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Common names: Lime blossom, lime flower

Botanical name: Tilia spp.


© Martin Wall

Parts used and where grown

This tree grows in the northern, temperate climates of Europe, Asia, and North America. Many medicinal species of linden exist, with Tilia cordata and Tilia platyphyllos generally being the most available and studied. Regardless of species, the flowers are used as medicine. Though sometimes called lime flower, linden is not related to the familiar green lime fruit.

Linden has been used in connection with the following conditions (refer to the individual health concern for complete information):

Science Ratings Health Concerns




Common cold

Ear infection

3Stars Reliable and relatively consistent scientific data showing a substantial health benefit.
2Stars Contradictory, insufficient, or preliminary studies suggesting a health benefit or minimal health benefit.
1Star For an herb, supported by traditional use but minimal or no scientific evidence. For a supplement, little scientific support and/or minimal health benefit.

Historical or traditional use (may or may not be supported by scientific studies)

Since time immemorial, the fragrant and tasty linden flowers have been used medicinally as a calming agent and to relieve indigestion, the common cold, and griping or colicky pain in the abdomen.1 2 Many of these uses have been confirmed or partially confirmed in modern research.

Active constituents

The major active constituents in linden are flavonoids, glycosides, and possibly a volatile oil. One study found that a complex mixture of compounds, primarily flavonoids, reduced anxiety in mice.3 Although used as a traditional herbal remedy for anxiety, these results have not been confirmed in human clinical trials. Older clinical trials have shown that linden flower tea can help people with mild gallbladder problems (but not gallstones), upset stomach or dyspepsia, and excessive gas that causes the stomach to push up and put pressure on the heart (also known as the gastrocardiac syndrome.)4 5 Linden’s reputed antispasmodic action, particularly in the intestines, has been confirmed in at least one human trial.6

Linden flowers act as a diaphoretic when consumed as a hot tea. Diaphoretics induce a mild fever, thereby possibly helping promote the immune system’s ability to fight infections. The fever usually does not go very high because the diaphoretic also causes sweating, the body’s natural way of lowering its temperature. The German Commission E has approved linden flower for the treatment of colds and cold-related coughs.7

How much is usually taken?

A tea of linden is prepared by adding 2–3 teaspoons (5–10 grams) of dried or fresh flowers to a pint (500 ml) of just boiled water. After steeping the flowers in a covered container for ten to fifteen minutes, sip the tea while it is still hot. During an acute problem, several cups can be taken daily for up to one week.8 For longer term use (three to six months), three cups (750 ml) per day can be used. A tincture or fluid extract of linden, 3/4–1 teaspoon (3–5 ml) three times daily, may alternatively be used.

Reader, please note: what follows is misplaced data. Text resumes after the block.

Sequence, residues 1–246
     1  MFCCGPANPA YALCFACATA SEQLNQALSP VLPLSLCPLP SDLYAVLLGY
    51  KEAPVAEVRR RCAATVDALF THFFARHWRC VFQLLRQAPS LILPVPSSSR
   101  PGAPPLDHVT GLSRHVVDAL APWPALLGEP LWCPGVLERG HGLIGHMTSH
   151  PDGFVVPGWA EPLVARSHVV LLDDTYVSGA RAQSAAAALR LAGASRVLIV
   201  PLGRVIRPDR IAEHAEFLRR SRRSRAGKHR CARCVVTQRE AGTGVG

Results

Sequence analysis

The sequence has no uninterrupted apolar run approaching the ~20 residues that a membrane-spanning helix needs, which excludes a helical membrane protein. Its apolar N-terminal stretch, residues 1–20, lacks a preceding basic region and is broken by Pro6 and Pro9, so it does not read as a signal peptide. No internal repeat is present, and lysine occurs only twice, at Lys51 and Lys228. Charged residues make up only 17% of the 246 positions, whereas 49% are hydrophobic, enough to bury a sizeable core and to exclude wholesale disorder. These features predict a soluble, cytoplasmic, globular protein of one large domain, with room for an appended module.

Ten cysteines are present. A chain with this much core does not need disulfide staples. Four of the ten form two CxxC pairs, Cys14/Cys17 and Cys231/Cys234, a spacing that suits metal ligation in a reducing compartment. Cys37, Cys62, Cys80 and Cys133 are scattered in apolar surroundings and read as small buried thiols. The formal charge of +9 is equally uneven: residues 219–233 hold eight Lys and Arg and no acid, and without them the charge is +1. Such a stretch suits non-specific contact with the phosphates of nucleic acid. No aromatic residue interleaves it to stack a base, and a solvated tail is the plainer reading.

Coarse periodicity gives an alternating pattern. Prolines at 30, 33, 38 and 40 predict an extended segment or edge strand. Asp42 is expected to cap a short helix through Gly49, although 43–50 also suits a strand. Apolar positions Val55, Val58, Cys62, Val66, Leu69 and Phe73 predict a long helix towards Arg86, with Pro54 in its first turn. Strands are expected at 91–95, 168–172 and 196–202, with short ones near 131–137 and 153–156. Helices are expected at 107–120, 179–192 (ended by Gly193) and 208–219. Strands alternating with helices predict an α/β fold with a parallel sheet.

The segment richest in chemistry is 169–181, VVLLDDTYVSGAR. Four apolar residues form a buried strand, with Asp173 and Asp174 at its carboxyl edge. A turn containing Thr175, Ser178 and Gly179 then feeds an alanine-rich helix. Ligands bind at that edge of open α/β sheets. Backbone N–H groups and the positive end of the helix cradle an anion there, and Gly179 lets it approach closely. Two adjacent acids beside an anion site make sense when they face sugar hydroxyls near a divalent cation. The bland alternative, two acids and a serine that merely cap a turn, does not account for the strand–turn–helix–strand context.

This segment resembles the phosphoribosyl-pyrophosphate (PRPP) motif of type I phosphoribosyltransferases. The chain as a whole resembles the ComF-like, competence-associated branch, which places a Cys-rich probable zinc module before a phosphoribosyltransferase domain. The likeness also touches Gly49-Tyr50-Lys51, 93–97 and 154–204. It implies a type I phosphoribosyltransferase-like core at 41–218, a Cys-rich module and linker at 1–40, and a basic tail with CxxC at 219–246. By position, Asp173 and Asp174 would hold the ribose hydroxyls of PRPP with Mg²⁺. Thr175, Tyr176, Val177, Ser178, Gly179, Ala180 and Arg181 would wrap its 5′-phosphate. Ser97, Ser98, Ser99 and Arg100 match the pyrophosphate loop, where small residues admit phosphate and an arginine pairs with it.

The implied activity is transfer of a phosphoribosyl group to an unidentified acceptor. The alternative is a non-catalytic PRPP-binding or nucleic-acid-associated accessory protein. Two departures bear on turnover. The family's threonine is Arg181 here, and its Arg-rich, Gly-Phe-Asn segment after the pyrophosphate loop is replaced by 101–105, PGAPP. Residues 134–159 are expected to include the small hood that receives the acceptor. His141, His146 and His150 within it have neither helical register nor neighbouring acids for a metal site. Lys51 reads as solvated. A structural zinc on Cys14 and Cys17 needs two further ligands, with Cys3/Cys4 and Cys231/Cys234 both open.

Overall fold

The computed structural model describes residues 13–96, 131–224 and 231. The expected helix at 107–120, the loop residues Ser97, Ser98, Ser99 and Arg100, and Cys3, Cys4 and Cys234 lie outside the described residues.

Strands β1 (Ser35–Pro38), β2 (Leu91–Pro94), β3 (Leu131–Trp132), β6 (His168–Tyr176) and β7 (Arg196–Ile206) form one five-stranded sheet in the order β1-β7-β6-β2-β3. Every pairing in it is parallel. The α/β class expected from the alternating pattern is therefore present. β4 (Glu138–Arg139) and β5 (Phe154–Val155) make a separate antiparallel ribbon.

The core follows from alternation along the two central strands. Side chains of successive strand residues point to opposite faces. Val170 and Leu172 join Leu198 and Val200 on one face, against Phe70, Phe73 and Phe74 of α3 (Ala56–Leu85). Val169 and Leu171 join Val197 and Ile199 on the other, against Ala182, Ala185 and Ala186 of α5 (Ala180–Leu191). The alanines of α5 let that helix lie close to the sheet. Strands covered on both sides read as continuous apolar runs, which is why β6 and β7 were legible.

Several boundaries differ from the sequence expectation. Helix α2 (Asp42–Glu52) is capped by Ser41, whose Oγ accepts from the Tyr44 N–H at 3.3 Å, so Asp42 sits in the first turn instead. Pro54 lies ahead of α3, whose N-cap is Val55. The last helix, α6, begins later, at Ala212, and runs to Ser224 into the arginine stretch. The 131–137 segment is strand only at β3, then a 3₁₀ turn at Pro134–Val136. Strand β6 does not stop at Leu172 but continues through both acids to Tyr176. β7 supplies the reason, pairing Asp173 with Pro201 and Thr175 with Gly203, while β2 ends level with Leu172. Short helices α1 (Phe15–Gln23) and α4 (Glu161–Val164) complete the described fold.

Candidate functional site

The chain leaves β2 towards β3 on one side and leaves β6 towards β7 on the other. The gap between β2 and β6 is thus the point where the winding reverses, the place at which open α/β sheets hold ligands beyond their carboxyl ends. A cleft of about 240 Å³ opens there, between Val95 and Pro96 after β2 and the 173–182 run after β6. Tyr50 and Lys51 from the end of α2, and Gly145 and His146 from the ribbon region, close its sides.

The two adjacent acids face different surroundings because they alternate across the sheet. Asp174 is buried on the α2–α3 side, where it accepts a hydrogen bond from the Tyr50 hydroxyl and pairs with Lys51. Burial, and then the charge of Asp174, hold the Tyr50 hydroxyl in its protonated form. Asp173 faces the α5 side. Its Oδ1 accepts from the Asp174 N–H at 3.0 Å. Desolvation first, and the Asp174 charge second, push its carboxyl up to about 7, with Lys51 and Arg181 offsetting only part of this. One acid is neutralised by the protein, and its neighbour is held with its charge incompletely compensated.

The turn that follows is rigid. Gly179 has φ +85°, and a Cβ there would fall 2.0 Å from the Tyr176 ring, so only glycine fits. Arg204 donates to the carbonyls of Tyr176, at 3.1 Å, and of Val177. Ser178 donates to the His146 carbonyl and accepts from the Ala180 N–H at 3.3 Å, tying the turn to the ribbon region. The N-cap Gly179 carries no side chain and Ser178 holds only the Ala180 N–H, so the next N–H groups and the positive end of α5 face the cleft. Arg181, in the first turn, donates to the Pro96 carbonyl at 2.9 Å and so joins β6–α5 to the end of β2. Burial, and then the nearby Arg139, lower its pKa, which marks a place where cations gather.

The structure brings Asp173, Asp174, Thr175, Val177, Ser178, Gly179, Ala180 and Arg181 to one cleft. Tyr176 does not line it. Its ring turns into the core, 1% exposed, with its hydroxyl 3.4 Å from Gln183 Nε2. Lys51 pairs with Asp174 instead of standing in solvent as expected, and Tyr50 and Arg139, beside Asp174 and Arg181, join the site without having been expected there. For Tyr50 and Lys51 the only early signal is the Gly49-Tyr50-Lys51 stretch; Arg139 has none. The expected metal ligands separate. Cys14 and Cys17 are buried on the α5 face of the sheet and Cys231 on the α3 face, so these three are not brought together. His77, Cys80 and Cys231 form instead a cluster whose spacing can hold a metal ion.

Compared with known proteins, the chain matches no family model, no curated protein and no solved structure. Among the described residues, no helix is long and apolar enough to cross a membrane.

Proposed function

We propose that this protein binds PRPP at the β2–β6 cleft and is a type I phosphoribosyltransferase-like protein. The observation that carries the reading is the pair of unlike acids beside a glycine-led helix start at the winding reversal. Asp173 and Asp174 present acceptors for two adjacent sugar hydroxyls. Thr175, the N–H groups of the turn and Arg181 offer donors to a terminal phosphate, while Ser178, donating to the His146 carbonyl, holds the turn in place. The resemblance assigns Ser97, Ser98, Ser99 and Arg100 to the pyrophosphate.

Are there any side effects or interactions?

Statements that overuse of linden can cause heart problems9 lack scientific merit. Both the German Commission E monograph and the American Herbal Products Association’s guide on herbal safety state that linden has no toxic effects.10 11 In fact, linden is considered safe for use in children12 and there are no known reasons to avoid it during pregnancy and breast-feeding.

At the time of writing, there were no well-known drug interactions with linden.


1. Wren RC, Williamson EM, Evans FJ. Potter’s New Cyclopaedia of Botanical Drugs and Preparations. Essex, UK: Saffron Walden, CW Daniel Co, 1988, 171.

2. Duke JA. CRC Handbook of Medicinal Herbs. Boca Raton, FL: CRC Press, 1985, 485–6.

3. Viola H, Wolfman C, Levi de Stein M, et al. Isolation of pharmacologically active benzodiazepine receptor ligands from Tilia tomentosa (Tiliaceae). J Ethnopharmacol 1994;44:47–53.

4. Fiegel VG, Hohensee F. Experimental and clinical screening of a dry, water extract of tiliae libri. Arzneim Forsch 1963;13:222–5 [in German].

5. Sadek HM. Treatment of hypertonic dyskinesias of Oddi’s sphincter using a wild Tilia suspension. Hospital (Rio J) 1970;77:141–7 [in Portuguese].

6. Langer M. Clinical observations on an antispastic factor extracted from Tiliae silvestris alburnum. Clin Ter 1963;25:438–44 [in Italian].

7. Blumenthal M, Busse WR, Goldberg A, et al. (eds). The Complete German Commission E Monographs: Therapeutic Guide to Herbal Medicines. Austin: American Botanical Council and Boston: Integrative Medicine Communications, 1998, 163.

8. Weiss RF. Herbal Medicine. Gothenburg, Sweden: Ab Arcanum and Beaconsfield, UK: Beaconsfield Publishers, 1985, 227–8.

9. Tyler VE. The Honest Herbal--A Sensible Guide to the Use of Herbs and Related Remedies. Philadelphia: George F. Stickley, 1982, 263.

10. Blumenthal M, Busse WR, Goldberg A, et al. (eds). The Complete German Commission E Monographs: Therapeutic Guide to Herbal Medicines. Austin: American Botanical Council and Boston: Integrative Medicine Communications, 1998, 163.

11. McGuffin M, Hobbs C, Upton R, Goldberg A (eds). American Herbal Product Association’s Botanical Safety Handbook. Boca Raton, FL: CRC Press, 1997, 116.

12. Bove M. An Encyclopedia of Natural Healing for Children and Infants. New Canaan, CT: Keats Publishing, 1996, 234–5.

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